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ABPI calls for patient involvement

The Association of the British Pharmaceutical Industry has revealed details of a new report that suggests patients who ask more questions about their medicines will get the best treatment plans
The Association of the British Pharmaceutical Industry (ABPI) has revealed details of a new report that suggests patients who ask more questions about their medicines will get the best treatment plans.

It is hoped that the report will trigger a debate among healthcare providers and professionals on the best way to disseminate treatment information to patients. Finding the Balance, a joint report by the ABPI and Long-Term Conditions Alliance (LCTA), calls on doctors, nurses and local pharmacists to do more to raise the level of high quality information available to the public. Two suggestions put forward are the inclusion of information corners in surgeries and for pharmaceutical companies to supply product details on their websites.

"Doctors need to listen to patients," said Dr Richard Tiner, medical director at the ABPI. "While many health professionals may recognise the importance of patient involvement, time constraints mean that modern GPs often fail to priorities such discussions."

A lack of understanding can lead to people taking their medicines incorrectly, reducing their safety and efficacy. The report goes as far to say that patients who feel unable to ask their GPs question about treatments may stop using their prescriptions.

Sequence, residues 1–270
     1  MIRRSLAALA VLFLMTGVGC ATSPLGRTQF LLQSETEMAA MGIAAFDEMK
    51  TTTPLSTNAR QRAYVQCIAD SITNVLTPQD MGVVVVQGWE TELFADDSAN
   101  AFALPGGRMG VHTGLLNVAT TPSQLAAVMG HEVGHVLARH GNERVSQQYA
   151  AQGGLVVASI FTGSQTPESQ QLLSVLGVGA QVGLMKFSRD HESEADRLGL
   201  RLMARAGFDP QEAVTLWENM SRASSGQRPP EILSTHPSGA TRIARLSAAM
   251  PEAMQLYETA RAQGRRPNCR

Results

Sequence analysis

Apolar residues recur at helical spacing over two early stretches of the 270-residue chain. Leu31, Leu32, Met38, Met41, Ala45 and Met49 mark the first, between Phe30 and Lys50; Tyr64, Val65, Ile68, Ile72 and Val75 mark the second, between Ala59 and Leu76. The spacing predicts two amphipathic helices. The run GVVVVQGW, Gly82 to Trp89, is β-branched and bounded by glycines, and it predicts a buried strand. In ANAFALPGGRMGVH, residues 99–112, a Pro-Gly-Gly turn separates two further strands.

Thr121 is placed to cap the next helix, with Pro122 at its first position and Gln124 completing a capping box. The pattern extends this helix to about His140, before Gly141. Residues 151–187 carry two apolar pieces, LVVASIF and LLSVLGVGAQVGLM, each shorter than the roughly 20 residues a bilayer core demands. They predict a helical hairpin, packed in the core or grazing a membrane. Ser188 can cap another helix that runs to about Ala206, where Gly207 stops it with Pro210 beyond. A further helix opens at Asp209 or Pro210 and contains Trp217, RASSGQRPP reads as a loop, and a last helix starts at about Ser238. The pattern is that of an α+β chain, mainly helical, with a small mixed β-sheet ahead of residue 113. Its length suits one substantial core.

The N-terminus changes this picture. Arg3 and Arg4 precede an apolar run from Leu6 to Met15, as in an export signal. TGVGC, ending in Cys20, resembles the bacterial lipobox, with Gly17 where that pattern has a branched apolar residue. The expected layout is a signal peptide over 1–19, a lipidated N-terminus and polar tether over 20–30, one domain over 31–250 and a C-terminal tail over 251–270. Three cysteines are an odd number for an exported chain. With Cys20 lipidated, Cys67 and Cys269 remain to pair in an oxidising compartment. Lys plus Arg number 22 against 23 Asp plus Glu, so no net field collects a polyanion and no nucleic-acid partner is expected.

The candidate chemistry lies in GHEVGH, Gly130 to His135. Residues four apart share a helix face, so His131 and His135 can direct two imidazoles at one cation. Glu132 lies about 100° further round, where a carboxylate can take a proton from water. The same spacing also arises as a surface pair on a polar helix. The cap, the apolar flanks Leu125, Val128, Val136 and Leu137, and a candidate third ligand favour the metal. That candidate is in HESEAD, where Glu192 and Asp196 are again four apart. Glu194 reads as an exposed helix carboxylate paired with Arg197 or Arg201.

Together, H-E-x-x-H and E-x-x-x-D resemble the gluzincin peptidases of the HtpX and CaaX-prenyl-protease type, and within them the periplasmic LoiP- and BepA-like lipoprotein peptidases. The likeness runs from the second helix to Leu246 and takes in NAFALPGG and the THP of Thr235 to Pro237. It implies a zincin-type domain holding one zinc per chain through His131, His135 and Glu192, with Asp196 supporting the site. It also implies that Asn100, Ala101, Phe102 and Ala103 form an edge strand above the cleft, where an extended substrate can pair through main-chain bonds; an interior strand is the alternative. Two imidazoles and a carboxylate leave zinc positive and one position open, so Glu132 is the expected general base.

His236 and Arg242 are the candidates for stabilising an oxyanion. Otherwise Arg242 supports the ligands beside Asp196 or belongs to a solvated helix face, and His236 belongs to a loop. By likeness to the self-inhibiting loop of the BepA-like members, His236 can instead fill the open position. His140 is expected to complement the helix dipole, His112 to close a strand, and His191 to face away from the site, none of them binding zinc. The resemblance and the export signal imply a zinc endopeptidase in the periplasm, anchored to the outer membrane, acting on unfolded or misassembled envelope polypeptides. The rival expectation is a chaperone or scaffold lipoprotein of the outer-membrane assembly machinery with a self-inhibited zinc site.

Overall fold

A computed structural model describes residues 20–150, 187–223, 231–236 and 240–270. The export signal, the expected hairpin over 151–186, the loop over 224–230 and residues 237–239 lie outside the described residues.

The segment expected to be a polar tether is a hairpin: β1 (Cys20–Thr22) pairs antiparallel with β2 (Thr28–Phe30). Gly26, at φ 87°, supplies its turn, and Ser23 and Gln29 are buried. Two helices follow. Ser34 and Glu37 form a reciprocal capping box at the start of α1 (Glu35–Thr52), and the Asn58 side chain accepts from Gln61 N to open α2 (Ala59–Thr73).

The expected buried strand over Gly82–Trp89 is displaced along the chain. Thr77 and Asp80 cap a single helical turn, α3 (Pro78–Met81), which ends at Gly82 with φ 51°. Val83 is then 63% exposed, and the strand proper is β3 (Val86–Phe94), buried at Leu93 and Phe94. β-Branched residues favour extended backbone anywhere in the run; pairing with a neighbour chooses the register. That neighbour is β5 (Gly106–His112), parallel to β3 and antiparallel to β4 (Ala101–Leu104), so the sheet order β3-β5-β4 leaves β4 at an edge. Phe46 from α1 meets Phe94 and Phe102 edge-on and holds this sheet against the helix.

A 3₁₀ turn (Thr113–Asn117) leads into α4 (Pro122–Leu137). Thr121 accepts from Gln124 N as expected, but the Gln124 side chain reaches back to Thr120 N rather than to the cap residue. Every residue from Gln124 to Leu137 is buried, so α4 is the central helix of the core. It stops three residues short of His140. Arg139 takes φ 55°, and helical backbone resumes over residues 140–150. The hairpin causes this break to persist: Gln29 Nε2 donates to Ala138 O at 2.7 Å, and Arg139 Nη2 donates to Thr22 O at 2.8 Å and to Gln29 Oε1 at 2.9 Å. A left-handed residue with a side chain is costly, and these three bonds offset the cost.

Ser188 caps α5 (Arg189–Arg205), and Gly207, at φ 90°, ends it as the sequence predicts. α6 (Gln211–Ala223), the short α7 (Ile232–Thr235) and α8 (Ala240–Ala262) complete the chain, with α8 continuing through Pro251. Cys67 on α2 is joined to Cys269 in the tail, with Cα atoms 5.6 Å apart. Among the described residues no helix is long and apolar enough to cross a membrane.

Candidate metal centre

It also says that patients and carers need to ask their doctors more questions about the drugs they are being prescribed. Patients who are better informed about their treatment options and plans are more likely to experience better performance of their healthcare.

"There is no 'one size fits all' treatment for any condition. Patients need to work with the people prescribing their medication to determine which treatments will work best with their lifestyle," said Tiner. "Steps need to be taken to ensure that informed patients become a reality, embedded in the culture of medical practice."

15th May 2008

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